We vacationers aren’t the only ones who flock to the beach in the summer. Sea turtles of egg-laying age, recalling their own brief childhoods on the sand, return to their early homes to build nests when the weather heats up.
About two months later, lucky viewers can watch swarms of hatchling sea turtles rush along the beach toward the ocean, safety, and a long life at sea, navigating by the moonlight and the downward slope of the sand. Someday, years from now, they may return to the very same spot to make their own nests.
If you’re smitten with sea turtles, here are a few of the top spots to watch the hatchlings start their journeys. Depending on the location, hatching season can vary; according to Sea Turtle Trackers Inc., hatching season stretches from April through October, but it’s best to contact the organizations listed below for site-specific predictions.
1. Fernandina Beach, Florida
Just off the northeast Florida coast, you’ll find a charming barrier landmass called Amelia Island. With 13 miles of beaches, the island offers plenty of options for kicking back and relaxing, but there’s also the unique option of becoming involved with the baby sea turtle hatching process on the island’s Fernandina Beach.
The Amelia Island Sea Turtle Watch (AISTW) is a conservation organization that conducts all nesting and evacuation tours for the beaches on the island. While AISTW makes it clear just how difficult it can be to catch the baby turtles in the act of hatching and making their way to the water, you can watch volunteers “excavate” a nest after the hatch. This inventory of egg shells, unhatched eggs, and maybe even live baby turtles who were late to the party is exceptional in its own right.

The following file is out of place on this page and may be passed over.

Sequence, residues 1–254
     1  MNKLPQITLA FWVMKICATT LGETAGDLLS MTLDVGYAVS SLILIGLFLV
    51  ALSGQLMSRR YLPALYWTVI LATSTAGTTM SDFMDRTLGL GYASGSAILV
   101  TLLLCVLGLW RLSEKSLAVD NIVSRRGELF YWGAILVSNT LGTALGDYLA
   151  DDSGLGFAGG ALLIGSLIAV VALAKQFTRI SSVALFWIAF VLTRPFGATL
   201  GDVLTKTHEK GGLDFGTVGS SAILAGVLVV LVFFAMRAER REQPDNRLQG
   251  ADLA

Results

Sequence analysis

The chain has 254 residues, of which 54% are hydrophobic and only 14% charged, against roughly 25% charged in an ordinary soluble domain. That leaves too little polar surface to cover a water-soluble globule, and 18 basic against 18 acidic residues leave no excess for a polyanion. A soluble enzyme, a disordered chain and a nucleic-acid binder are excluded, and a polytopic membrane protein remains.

2. Atlantis, Paradise Island, The Bahamas
The Atlantis resort on Paradise Island is just that -- a true paradise. This tropical resort is home to the world’s largest open-air marine habitat, employs over 100 marine biologists, and offers a variety of marine animal activities. Two of the most memorable experiences available are the Sea Turtle Swim and Hatchling Release.
The first option includes taking a boat out to the turtle release point, where you snorkel alongside a recently released sea turtle. You get to name your turtle, pose with the animal for an unforgettable photo op, and take home an official certificate at the end of the experience. Or you can choose to help release a baby sea turtle on the beach under the moonlight.
Proceeds from both of these activities go toward conservation group The Blue Project. While the resort’s water park, restaurants, and casino can be enjoyed by those staying elsewhere, the Sea Turtle Swim and Hatchling Release are reserved for guests who are checked in at Atlantis. Space is very limited, so be sure to contact the resort about your desire to participate as soon as possible.
3. Boca Raton, Florida
The Gumbo Limbo Nature Center can be found on the southeast shore of Florida in Boca Raton. This nature center is dedicated to the conservation, research, and rehabilitation of sea turtles and offers a range of turtle-centric activities.